What to do when the ‘evidence based treatments’ are not successful?
One of the big questions in the field is what should you do if an evidence based treatment is not successful. If we look at binge eating as a behaviour, and thus covering the diagnosis of bulimia nervosa (BN) and binge eating disorder (BED), then the “treatment of choice” would be Cognitive Behavioural Therapy (CBT). Yet we know that not all people recover using CBT and some relapse after treatment ends. It has been suggested that an ‘additive’ design, where other therapy protocols are added onto the treatment of choice, may be useful to examine.
McIntosh et al. (2016) from Christchurch have recently published a paper in Psychiatry Research looking at adding two additional treatments to CBT for binge eating.
The first protocol is CBT-Appetite. This treatment assumes that diminished recognition of hunger and fullness cues are a maintaining factor in binge eating. The focus is on monitoring appetite rather than food intake as in traditional CBT. Patients are taught to eat in response to moderate hunger and to stop eating when moderately full. Food choices are encouraged around foods with greater volume and lower energy density and greater satiety potential (e.g. including protein throughout the day and choosing lower GI carbohydrates). Patients learn to recognise and not respond to emotional and situational triggers for eating. The reference given for this treatment is a chapter by McIntosh et al. in Wilson and Latner (2007) ‘Self-Help for Eating and Obesity’. I haven’t read the chapter (but will) but I am really curious as to whether or not it uses a dietitian in its delivery. Much of what is described in the article are core dietetic interventions for binge eating.
The second additional protocol looked at in this study is that of Schema Therapy. This seems to take a few forms in the eating disorders. It is based on the idea that early life experiences lead to a series of core beliefs about the self (rather than automatic thoughts) which may in turn maintain eating disorders. There is some evidence for Schema Therapy (using schema modes; Simpson et al. 2010). Therapy aims to increase awareness of early maladaptive schemas and schema modes and the early experience from which they developed and then to modify the schemas in an effort to reduce eating disordered behaviour. Schemas are modified by using imagery and other experiential techniques. A healthier ‘adult self’ is developed in order to bring about a more mature perspective, including more reasoned and rational responses. This approach looks at these ‘underlying’ cognitions rather than a focus on challenging automatic thoughts and assumptions relating to food, weight and shape. (Although to be fair, the more recent incarnations of CBT, such as CBT-E, do not focus on this level of cognitive content either). It is assumed that binge eating serves a function of regulating the strong emotion that arises when schemas are activated, rather than thoughts about food, weight and shape.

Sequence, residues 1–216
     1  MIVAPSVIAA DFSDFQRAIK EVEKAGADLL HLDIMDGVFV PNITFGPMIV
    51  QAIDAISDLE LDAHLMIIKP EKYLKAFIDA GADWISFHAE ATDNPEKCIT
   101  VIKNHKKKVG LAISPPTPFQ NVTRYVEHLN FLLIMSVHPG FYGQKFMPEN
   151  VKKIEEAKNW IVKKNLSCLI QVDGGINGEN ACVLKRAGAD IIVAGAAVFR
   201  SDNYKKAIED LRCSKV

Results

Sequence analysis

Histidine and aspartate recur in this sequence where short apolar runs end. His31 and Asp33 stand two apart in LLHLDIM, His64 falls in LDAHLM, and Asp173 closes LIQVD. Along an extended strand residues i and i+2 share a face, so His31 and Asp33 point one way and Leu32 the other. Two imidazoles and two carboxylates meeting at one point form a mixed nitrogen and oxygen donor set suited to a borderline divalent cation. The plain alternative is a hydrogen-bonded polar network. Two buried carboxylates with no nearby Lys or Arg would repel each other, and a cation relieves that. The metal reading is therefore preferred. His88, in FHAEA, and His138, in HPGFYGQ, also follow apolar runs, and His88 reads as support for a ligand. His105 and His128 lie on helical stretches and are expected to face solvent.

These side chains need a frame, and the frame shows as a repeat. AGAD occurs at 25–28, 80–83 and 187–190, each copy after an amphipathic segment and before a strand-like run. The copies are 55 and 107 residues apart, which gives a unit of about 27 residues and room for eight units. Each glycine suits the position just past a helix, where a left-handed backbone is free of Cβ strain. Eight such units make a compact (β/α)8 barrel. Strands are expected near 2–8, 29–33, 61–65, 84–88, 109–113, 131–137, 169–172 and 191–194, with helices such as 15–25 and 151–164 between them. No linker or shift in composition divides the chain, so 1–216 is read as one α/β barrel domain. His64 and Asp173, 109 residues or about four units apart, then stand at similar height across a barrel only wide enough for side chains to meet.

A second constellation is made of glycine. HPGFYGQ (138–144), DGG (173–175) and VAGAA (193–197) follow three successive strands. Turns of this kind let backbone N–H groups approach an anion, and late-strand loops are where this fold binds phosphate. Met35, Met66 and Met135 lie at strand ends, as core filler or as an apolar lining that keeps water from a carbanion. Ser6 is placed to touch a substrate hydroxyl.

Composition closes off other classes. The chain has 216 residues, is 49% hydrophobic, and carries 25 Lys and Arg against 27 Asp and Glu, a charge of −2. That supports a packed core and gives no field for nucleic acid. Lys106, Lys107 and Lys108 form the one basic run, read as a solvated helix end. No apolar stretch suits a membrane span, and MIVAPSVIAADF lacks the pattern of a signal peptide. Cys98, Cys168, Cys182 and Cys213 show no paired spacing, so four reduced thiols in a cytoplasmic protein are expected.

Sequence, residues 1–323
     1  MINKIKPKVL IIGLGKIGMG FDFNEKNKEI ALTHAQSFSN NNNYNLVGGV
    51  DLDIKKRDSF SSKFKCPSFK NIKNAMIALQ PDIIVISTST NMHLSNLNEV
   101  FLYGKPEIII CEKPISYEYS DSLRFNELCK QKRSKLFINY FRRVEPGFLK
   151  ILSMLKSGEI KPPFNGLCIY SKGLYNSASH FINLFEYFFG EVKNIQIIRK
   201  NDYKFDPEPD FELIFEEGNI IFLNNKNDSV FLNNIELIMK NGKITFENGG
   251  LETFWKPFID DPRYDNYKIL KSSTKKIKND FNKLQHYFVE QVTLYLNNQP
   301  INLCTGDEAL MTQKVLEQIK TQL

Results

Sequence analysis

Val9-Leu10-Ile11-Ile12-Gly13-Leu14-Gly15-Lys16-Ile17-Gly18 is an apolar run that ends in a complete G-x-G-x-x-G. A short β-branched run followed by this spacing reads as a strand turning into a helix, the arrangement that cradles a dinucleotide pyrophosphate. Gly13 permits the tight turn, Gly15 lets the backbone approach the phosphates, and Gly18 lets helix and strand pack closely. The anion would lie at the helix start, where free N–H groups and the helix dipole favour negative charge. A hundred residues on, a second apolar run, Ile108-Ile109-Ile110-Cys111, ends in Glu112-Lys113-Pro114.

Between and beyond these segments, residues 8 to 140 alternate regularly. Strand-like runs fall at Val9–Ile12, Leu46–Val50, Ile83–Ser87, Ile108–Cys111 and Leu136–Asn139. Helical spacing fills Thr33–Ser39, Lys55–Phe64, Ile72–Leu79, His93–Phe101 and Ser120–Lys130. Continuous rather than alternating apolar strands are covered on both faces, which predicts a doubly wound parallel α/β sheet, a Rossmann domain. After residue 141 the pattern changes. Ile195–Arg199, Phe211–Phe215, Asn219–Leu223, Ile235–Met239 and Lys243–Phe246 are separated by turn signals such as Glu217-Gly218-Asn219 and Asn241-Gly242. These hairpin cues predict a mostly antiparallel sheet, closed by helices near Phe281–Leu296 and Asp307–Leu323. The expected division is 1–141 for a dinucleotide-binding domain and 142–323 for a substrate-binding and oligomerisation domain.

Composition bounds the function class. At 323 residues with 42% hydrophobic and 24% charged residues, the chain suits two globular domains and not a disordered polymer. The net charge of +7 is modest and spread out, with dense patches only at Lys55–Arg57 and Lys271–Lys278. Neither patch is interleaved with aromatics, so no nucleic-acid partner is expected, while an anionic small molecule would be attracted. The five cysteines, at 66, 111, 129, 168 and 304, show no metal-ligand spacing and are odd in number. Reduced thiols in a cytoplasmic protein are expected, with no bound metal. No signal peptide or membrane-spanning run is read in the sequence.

In a way this study is trying to look at what might be a core maintaining factor of binge eating. Is it over-evaluation of weight and shape (CBT), dysregulation of response to appetite (CBT-A) or emotional dysregulation (Schema Therapy)? From a clinical perspective, all three may or may not be involved. It is not as though these things are mutually exclusive.
What happened during the study?
You can read the details of the study in the attached link, but I will summarise them. In brief, no differences were found in three groups on the outcome measure of binge frequency or other behavioural or psychological aspects of the eating disorders. At the end of treatment and at 12 month follow up there were large changes in binge eating, indicating that in this study all treatments were effective. That is an example of the Dodo hypothesis where ‘everyone gets a prize’. This always raises the issue of whether any therapy may be helpful, so therapists can do whatever they want and achieve results. I would warn against this. All these therapies are based on a sound theoretical understanding of binge eating, as I have outlined above.
Should we be surprised by a Dodo hypothesis? I am not. In a clinical setting, where I happily work with the patient to develop an individual formulation of what drives their problem, it may be over-evaluation of weight and shape, dysregulation of appetite or emotion regulation. I would agree with the patient and decide where the best place to focus treatment may be.
The study outcomes were in line with previous findings of studies of CBT. Around 50% of the sample was abstinent from binge eating at end of treatment and follow up. That is, half of the sample were not abstinent at the end of treatment, which is of course not to say they were not helped by the treatment. A study which would be more interesting to me as a clinician would be to take the 50% of patients not abstinent at end of treatment and then deliver either CBT-A or Schema Therapy to see if adding an additional treatment at the end of CBT increases outcome.